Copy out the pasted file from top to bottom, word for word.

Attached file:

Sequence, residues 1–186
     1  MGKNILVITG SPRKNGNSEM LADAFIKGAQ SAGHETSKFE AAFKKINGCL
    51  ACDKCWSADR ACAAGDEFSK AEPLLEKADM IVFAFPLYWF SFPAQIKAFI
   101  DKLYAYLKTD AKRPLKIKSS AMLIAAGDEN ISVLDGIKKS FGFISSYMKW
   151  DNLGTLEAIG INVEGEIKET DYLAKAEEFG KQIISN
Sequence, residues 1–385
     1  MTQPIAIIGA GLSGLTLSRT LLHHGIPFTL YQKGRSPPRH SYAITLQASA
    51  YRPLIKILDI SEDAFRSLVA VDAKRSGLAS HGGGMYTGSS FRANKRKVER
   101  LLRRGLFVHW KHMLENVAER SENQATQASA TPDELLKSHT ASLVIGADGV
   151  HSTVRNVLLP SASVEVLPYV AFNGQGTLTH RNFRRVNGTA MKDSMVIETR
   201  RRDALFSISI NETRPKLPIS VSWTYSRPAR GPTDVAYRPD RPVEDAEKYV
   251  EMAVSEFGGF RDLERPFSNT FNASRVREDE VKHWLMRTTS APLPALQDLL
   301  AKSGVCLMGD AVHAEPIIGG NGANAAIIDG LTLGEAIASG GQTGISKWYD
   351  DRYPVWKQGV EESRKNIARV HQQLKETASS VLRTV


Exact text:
Sequence, residues 1–186
     1  MGKNILVITG SPRKNGNSEM LADAFIKGAQ SAGHETSKFE AAFKKINGCL
    51  ACDKCWSADR ACAAGDEFSK AEPLLEKADM IVFAFPLYWF SFPAQIKAFI
   101  DKLYAYLKTD AKRPLKIKSS AMLIAAGDEN ISVLDGIKKS FGFISSYMKW
   151  DNLGTLEAIG INVEGEIKET DYLAKAEEFG KQIISN
Sequence, residues 1–385
     1  MTQPIAIIGA GLSGLTLSRT LLHHGIPFTL YQKGRSPPRH SYAITLQASA
    51  YRPLIKILDI SEDAFRSLVA VDAKRSGLAS HGGGMYTGSS FRANKRKVER
   101  LLRRGLFVHW KHMLENVAER SENQATQASA TPDELLKSHT ASLVIGADGV
   151  HSTVRNVLLP SASVEVLPYV AFNGQGTLTH RNFRRVNGTA MKDSMVIETR
   201  RRDALFSISI NETRPKLPIS VSWTYSRPAR GPTDVAYRPD RPVEDAEKYV
   251  EMAVSEFGGF RDLERPFSNT FNASRVREDE VKHWLMRTTS APLPALQDLL
   301  AKSGVCLMGD AVHAEPIIGG NGANAAIIDG LTLGEAIASG GQTGISKWYD
   351  DRYPVWKQGV EESRKNIARV HQQLKETASS VLRTV